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Songwriting Interview With Paul Kleff


Ryan Buckner: Welcome to another great songwriting interview for SongwritingLessonsOnline.com, today I am talking with the very talented songwritier and guitarist in metal band Firewölfe, Paul Kleff. So without further adieu, let’s get right into it.

RB: Here is my first question for you Paul: What is your general songwriting process?

Paul Kleff: It varies and usually depends on what the “seed” of the song is for me. By that I mean whether I am starting out with a melody, rhythmic or chordal/harmony progression type of part. I think initially most songwriters start out just kind of “noodling” on whatever their primary instrument is until they come up with something interesting—and there’s nothing wrong with that but it’s just one approach. And I still do that, too—just playing the guitar and things start to flow and song parts start to happen.

Through the years, though, I started using a little bit more of a structured approach. Once I have an idea I will start to develop it while thinking about multiple things. For example, if I have a melody idea I will think about what type of harmony or chordal possibilities that I can use as well as how the melody will fit into the overall song structure—verse, chorus and those types of song parts. So even though I am working on developing a specific part I am always thinking about the whole of the song and the arrangement at the same time.

Most of the music I write falls into the hard rock/metal genre so there is usually a type of formula for the arrangement of the song that I already have in mind depending on whether it is a fast, heavy song as opposed to a ballad, for example.

Most of my composing and songwriting takes place at the computer with my recording software. From there I work out ideas and arrangements and shape the song. I think it is really important to have a decent grasp of music theory so that you can get right to the sounds you are hearing in your head..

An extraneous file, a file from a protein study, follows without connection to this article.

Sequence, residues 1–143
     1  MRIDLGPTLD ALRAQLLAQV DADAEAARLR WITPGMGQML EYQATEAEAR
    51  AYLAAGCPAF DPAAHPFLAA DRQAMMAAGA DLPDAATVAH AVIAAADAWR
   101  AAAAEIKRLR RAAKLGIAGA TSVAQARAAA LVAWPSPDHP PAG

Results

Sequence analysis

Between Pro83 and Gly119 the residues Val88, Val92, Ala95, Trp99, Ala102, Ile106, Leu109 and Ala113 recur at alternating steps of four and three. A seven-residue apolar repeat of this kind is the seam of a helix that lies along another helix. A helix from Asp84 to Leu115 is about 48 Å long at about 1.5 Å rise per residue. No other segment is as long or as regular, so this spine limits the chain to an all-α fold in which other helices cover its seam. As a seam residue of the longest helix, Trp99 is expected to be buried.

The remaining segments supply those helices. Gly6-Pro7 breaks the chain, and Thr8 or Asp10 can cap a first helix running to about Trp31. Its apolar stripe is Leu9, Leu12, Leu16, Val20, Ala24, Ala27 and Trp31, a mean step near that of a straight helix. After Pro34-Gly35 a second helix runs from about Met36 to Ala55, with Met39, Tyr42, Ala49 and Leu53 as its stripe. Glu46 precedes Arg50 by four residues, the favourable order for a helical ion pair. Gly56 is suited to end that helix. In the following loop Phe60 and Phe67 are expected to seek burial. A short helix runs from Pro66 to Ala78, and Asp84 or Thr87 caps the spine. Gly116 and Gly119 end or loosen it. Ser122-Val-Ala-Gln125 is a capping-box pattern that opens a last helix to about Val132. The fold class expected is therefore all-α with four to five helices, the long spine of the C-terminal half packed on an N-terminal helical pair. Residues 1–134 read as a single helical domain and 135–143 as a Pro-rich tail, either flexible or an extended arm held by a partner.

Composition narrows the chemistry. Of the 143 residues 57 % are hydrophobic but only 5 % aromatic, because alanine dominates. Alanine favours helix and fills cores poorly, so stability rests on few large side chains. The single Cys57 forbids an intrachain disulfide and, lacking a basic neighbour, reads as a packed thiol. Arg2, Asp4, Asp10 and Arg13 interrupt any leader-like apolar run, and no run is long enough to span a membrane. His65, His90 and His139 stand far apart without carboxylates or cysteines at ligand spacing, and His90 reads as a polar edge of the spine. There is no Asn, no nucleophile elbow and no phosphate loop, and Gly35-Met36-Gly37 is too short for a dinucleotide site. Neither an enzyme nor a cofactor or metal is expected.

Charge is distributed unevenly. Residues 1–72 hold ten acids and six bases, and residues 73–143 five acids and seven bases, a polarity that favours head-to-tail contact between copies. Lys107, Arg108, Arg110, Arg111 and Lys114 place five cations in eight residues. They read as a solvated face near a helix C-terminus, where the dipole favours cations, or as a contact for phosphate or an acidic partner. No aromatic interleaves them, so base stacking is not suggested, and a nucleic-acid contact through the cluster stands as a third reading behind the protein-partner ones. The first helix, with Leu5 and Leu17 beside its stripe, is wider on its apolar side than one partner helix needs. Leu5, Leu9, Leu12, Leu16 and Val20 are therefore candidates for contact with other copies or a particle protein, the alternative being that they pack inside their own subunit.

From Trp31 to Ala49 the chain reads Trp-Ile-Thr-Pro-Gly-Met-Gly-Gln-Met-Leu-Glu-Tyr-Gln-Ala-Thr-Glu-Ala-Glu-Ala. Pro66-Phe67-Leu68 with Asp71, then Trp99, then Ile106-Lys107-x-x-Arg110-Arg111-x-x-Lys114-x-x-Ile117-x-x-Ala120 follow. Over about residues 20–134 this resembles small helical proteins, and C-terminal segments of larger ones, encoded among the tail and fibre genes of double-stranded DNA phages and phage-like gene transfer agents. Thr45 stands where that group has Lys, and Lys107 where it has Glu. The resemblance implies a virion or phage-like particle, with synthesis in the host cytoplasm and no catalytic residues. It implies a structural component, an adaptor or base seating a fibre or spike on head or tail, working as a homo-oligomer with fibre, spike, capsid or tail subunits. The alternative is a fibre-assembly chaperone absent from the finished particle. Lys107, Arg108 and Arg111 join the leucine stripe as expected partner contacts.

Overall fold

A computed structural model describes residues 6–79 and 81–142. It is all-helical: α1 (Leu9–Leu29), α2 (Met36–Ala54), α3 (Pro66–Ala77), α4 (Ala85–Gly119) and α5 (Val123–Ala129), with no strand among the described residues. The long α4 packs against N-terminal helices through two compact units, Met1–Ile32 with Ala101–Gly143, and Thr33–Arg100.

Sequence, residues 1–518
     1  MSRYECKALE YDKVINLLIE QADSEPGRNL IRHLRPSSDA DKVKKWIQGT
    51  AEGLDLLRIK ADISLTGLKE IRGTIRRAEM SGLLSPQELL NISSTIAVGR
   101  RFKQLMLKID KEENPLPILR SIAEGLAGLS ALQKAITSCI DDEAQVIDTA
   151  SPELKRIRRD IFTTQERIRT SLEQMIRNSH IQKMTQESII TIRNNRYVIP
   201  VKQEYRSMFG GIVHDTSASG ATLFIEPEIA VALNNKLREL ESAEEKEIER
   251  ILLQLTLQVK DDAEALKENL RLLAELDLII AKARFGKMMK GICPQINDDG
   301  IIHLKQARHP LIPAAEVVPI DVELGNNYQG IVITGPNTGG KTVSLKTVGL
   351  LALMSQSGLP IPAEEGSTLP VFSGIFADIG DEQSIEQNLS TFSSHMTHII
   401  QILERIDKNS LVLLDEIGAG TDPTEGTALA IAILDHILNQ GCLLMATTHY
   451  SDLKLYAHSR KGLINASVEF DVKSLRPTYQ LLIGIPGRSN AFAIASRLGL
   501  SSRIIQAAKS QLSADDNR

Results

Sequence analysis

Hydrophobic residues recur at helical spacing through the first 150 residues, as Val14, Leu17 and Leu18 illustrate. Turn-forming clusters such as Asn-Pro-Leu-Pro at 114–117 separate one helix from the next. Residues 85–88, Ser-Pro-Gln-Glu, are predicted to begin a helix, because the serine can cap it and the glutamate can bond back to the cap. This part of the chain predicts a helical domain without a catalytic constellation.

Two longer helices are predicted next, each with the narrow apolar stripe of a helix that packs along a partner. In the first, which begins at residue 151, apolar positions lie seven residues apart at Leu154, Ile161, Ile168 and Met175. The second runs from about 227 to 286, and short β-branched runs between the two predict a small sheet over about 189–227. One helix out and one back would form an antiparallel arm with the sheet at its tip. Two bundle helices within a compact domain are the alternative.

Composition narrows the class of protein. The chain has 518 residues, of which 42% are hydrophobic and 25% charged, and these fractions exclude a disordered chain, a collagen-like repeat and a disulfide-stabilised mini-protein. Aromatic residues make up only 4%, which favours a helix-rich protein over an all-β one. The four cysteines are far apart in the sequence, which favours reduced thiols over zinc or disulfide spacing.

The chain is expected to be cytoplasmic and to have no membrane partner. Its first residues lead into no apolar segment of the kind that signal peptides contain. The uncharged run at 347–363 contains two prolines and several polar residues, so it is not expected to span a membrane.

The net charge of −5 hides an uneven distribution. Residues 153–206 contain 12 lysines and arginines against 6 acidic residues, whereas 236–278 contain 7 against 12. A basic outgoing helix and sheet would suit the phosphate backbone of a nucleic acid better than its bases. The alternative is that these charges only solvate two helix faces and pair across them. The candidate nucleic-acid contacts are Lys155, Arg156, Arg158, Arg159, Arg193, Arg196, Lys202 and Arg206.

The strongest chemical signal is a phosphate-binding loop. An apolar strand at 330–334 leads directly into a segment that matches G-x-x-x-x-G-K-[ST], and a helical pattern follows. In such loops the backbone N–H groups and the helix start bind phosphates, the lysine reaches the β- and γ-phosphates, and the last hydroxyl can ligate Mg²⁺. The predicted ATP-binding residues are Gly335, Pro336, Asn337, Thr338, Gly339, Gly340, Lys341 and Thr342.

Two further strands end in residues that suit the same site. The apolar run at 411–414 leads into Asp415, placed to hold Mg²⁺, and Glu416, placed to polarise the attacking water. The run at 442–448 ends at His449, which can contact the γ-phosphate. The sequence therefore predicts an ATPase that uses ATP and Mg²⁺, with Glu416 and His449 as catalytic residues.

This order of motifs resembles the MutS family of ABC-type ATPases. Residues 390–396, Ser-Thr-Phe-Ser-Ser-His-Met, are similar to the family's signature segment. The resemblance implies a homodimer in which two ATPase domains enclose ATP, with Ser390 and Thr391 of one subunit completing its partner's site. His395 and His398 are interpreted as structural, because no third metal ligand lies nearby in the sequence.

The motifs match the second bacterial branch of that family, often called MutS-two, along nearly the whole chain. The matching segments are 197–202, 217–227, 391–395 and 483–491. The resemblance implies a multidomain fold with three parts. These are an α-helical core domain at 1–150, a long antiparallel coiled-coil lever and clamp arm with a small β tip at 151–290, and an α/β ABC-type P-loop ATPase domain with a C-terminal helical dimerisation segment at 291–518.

You don’t have to know everything there is to know about theory, but a good working understanding of the theory components of your chosen genre makes things much easier. It’s a lot like a carpenter knowing how to use his tools and knowing how to select the right tool for the job so he can get the desired result—using a screwdriver to pound a nail doesn’t work very well!

So my process usually involves coming up with a musical idea and working out the rest of the components and parts of the song and the arrangement using my computer and recording software.

RB: Who inspired you most to start writing music?

PK: I don’t think I have any one single major inspiration. For me, it evolved from just being a guitar player. I was inspired by people like Edward Van Halen, Randy Rhoads, Jimmy Page, Pete Townshend and the inspiration of their guitar playing naturally evolved into looking at their songwriting as well. It’s not just them but many artists—everything from Motown, the Beatles, lots of classic rock and metal artists as well. But it definitely started with my guitar heroes.

RB: How much time do you spend planning out your songs ahead of time?

PK: More now than I used to. I have a pretty definite idea of what I want to do with a song in my head most of the time before I sit down with an instrument in hand.

RB: What is your favorite instrument to write for and why?